Summer 2015 Swimsuits

Hot Pink and White Cheeky Bikini Bottom via Vivat Veritas Blog copy

I never understood why swimwear is so expensive (look at this price tag!) since it uses small amounts of fabric. With one meter of fabric, you can probably make 3-5 bikini bottoms, depending on the fabric width and size of the bottom. I had some credit card points to burn and so decided to buy 30cm of this hot pink polyurethane fabric to make this bikini bottom.

I used no pattern; just traced the shape out of my other store-bought swimsuits and adjusted a little. One major modification I made was to add this stretched elastic line in the center back. It is so easy to do and it definitely helps your butt look more cheeky than it actually is.

Here is how:
1. Measure the length of center back.
2. Cut the elastic band (I used 1cm width elastic) in the half of the length you measure in #1.
3. Sew the elastic in the center back of your bottom as you stretch the elastic.
Pashion Pink Cheeky bikini bottom Added elastic on simple bikini bottomHandmade Bikini Bottom Pink

I didn’t use a special lining for this. Just cut two pieces of front and two pieces of back, serge together and hem the side. Sewing swimsuit fabric is not difficult as long as you have the right thread. I used resilon thread. Didn’t even bothered to change my needle but it is better to use ballpoint needle for knits. Bathing suit sewing

Here are some bikini tops and Brazilian style bottoms I recently made for a customer. I don’t have a place or courage to wear those bottoms… but someone will?!

日本では上下セットで同じ色や柄で合わせるのがメジャーだと思いますが、個人的に色々mix & matchするのが好きです。

Black bikini top Black handmade bikini (via vivatveritas Brazilian Style Bikini Bottomchie sig2

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Before & After | Maternity Dress to Peplum Top

DIY Peplum Top (click through for pictures)

Most of you know how much I like quick refashioning – it is a great way to update your wardrobe without putting in much effort. I still like making clothes from scratch but I can’t deny the instant gratification that quick DIY projects provide.

Here is another “old” piece my friend gave me. It was never worn and it is from Max Mara! I’m sure it cost 3-500 dollars. She said it was too potato sack-y for her and I kind of agree that the shape is rather unflattering. Initially my thought was to make a skater dress like this, but I quickly realized that I didn’t have enough fabric. It’s hard to gauge how much fabric I have when it is in an already constructed clothes form. So I had to change the plan mid way and turn it into a peplum top. Considering how much wear I’m getting from this peplum top, I didn’t mind the change of plan :)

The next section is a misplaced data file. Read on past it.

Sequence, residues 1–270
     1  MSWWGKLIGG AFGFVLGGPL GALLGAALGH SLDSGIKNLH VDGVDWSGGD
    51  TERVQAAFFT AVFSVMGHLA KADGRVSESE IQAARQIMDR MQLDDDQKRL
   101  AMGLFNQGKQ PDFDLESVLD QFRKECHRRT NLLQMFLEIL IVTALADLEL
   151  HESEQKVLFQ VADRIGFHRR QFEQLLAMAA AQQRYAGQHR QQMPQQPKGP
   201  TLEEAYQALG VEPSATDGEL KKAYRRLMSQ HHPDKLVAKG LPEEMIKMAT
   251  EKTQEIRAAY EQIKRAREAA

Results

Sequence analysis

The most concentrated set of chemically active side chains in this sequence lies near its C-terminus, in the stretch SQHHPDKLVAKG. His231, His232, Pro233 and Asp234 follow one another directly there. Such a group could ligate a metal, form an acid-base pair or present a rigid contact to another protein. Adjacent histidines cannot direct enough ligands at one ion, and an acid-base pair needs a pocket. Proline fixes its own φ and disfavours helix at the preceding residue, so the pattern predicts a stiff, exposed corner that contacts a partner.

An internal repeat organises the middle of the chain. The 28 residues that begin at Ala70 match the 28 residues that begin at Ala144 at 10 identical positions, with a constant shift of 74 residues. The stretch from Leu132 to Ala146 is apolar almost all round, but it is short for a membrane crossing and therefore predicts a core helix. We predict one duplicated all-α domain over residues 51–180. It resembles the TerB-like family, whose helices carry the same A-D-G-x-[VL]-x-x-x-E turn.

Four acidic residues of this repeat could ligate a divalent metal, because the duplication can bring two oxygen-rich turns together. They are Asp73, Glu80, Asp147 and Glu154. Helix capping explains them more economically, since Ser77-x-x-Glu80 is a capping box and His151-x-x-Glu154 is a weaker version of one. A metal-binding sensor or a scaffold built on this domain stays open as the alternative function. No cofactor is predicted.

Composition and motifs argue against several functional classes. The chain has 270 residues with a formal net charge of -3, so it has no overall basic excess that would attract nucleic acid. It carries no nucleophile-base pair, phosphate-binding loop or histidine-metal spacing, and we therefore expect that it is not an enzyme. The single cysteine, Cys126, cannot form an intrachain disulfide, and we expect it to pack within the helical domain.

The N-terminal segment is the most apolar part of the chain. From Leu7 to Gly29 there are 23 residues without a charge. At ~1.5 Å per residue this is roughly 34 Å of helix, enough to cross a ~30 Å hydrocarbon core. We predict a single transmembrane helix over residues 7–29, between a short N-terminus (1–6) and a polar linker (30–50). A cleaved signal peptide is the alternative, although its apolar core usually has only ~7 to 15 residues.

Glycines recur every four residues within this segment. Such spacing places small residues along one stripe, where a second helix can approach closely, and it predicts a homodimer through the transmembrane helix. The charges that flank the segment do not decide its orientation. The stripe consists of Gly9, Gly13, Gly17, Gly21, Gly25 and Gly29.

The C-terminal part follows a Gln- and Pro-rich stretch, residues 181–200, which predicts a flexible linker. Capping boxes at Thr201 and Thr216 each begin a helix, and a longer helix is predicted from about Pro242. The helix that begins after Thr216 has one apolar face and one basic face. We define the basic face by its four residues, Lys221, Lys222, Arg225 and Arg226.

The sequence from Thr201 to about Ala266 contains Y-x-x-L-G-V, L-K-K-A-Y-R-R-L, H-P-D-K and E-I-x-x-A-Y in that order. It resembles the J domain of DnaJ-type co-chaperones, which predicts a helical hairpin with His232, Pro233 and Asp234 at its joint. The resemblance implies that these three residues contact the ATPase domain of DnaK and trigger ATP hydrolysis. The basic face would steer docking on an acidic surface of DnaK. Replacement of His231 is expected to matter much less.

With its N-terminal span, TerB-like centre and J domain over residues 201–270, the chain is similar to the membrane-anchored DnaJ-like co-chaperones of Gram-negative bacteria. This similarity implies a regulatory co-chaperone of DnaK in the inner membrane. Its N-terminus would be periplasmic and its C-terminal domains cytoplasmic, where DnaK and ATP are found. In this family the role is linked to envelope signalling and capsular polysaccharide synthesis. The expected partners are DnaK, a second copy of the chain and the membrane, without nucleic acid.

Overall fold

I forgot that stripes (especially wide stripes) require more fabric…sigh. I made this little peak-a-boo cutout in the back not really on purpose but because of the lack of fabric. But I think it turned out ok!
Before and After of Max Mara Maternity Dress DIY (via vivatveritas back details peplum top DIY peplum top from Max Mara Maternity Dress in processmatching stripes (1)The fabric shed a lot so as soon as I cut, I added the iron-on interface and surged the seam allowances. matching stripes (2)DSC_1752P.S., Check out more Before & After like this here, here and here.

これはMax Maraのワンピース。


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Upcycled Kimono Dresses

Upcycled Kimono Dress via Vivat Veritas Blog

Hello! I recently worked on a few kimono dresses so I wanted to show the finished products here. These dresses were upcycled from vintage kimono fabrics. This was the first time I worked with kimono fabric so it presented a few challenges!

The first challenge was that the kimono fabric in Tanmono(反物) form has a very narrow width. If you haven’t seen what Tanmono looks like, here are some examples. Its width is about 35cm and the length is about 12 meters. This is not where I sourced the fabric, but Ichiroya has many beautiful antique kimonos – I love this, this and this (all 100% silk). They also have an English page. Since the width is so narrow, the patterns need to be adjusted so that I can cut out each piece without disrupting the patterns or motifs of the fabric.
blue kimono dress kimono remake blue kimono dress via vivatveritas Kimono upcycle dressBeige Kimono Dress Details Beige Kimono Dress Inside Beige Kimono Dress Vent Beige Kimono Dress

Second challenge is how to match the patterns of the fabric. Since many kimono fabrics are one-of-a-kind, in one roll, you might get all different patterns. What I did was to take a look at the entire fabric (12 meters of them!) before I started cutting and planned out accordingly. For the below dress top, I looked for a similar pattern in the fabric and although they were not completely the same, I mixed and matched so that they look like they belonged together. The process is similar to matching plaids. I’ve worked with plaids in the past (did not love the process though) so it helped. Beige Kimono Remake Dress via Vivat Veritas In process of Kimono Dress1 kimono dress in process

Overall sewing from Kimono fabric was fun, and I love handling the 100% silk. Have you made something with antique or traditional fabrics? What were the fun parts and challenging parts?

pink kimono upcycled dress via Vivat Veritas pink5



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